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Solar energy in Kenya, and other news (20 Mar 2019)

From disaster relief in Mozambique and Malawi, to development spending in Bangladesh and clean energy in Keyna

Every week we highlight some of the international development stories from across the globe that have caught our attention.

  • Six million GBP of UK aid has been made available to support those affected by Cyclone Idai in Mozambique and Malawi. Hygiene, shelter and tool kits are being supplied and DFID experts are working on the ground to coordinate the UK’s disaster response. Read more in CNBCAfrica.
  • Development spending from Bangladesh’s government has risen during the first eight months of the fiscal year. During the same time, fewer funds from the portion of the country's budget given to foreign aid have been used. Read more in The Daily Star (Bangladesh).
  • Following a meeting of Indonesian ambassadors and heads of mission in February, the Indonesian President, Joko Widodo, has said Indonesia will assist in dealing with crises as a result of conflict, and fostering world peace. Steps have been taken to aid Jordan in supporting the large number of Syrian and Palestinian refugees. Connections are also being created between Indonesia and UN humanitarian bodies. Read more in Jordan Times.
  • Two million tonnes of carbon emissions have been cut across Africa through the work of The Department for International Development’s Transforming Energy Access programme. The UK’s Minister for Africa, has announced InfraCo Africa will develop two solar plants in Samburu and Transmara, increasing access to affordable and clean energy. The government of Kenya aims to achieve universal electricity access by 2022. Read more in IT News Africa.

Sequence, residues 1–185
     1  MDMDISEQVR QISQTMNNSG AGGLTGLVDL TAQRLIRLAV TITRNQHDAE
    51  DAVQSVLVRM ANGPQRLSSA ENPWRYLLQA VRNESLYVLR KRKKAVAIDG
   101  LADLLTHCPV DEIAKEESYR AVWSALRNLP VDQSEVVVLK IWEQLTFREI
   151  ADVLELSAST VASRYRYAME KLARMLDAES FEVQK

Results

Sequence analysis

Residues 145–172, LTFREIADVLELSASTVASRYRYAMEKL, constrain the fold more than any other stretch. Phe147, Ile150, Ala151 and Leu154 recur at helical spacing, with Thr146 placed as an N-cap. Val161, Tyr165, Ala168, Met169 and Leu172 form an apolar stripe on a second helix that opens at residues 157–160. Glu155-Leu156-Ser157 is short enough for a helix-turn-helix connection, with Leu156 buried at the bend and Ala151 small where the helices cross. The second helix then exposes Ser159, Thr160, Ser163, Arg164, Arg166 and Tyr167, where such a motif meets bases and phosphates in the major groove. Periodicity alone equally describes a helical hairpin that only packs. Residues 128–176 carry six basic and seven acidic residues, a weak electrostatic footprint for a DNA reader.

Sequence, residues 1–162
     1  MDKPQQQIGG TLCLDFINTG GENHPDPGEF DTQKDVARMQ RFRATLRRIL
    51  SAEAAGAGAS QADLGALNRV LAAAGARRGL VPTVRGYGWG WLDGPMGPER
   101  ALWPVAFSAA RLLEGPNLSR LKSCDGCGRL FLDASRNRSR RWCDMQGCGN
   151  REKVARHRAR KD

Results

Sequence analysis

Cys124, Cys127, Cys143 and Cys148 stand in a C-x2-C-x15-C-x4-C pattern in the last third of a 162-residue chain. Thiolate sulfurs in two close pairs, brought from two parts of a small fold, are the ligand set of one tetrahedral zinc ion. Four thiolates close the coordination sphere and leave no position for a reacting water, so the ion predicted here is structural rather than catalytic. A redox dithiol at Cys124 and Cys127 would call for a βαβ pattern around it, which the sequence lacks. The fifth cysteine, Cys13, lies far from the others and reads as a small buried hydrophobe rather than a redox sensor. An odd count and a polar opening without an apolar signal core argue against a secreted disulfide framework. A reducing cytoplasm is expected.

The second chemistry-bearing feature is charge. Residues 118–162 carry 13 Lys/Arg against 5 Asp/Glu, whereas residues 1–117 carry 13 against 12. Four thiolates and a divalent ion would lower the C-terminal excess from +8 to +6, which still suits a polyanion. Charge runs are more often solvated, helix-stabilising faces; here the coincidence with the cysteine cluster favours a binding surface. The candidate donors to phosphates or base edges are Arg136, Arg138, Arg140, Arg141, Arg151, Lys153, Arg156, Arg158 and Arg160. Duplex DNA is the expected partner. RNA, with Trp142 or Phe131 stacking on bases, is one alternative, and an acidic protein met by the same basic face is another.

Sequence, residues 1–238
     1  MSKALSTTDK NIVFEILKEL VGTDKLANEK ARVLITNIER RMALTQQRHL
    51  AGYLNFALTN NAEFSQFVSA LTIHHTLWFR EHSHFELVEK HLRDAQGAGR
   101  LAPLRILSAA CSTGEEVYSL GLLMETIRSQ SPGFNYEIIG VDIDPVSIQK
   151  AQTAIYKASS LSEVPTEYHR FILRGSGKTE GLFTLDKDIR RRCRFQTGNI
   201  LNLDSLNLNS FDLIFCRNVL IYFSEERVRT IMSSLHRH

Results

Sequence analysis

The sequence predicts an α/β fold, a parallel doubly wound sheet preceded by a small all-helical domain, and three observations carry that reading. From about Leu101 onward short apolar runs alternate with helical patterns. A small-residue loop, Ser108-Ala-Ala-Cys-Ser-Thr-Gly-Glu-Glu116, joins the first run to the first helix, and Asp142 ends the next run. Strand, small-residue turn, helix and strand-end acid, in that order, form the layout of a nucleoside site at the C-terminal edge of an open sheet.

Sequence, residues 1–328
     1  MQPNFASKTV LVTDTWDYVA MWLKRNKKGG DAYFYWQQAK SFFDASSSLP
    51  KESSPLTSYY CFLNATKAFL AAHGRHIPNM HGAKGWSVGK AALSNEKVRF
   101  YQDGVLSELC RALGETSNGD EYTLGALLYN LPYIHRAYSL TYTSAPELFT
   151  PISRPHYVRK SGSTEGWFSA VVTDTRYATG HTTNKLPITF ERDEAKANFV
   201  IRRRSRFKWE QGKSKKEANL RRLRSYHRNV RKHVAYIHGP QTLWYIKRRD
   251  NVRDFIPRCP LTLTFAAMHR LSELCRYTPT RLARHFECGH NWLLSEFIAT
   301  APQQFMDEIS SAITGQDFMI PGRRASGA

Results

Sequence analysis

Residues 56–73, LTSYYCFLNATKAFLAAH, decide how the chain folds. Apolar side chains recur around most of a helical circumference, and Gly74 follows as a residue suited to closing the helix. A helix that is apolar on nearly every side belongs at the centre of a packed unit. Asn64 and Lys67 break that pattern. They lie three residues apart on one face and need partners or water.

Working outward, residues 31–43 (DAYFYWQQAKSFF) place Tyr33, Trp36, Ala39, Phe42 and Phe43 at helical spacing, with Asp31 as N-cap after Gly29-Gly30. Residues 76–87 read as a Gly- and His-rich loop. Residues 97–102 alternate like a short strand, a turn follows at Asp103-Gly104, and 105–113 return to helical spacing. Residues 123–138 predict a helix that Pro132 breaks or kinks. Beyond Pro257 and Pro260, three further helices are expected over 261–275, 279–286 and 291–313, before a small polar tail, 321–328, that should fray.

• Supported by the World Health Organisation's Expanded Special Project for the Elimination of Neglected Tropical Diseases, two million children in Nigeria have received treatment for Schistosomiasis, an illness caused by parasitic worms linked to unclean water. Read more in All Africa.
  • The pilot of DFID’s What Works to Prevent Violence Initiative research programme in the Democratic Republic of Congo has seen a reduction of violence against women by 58% in two years. Read more in Pulse (Nigera).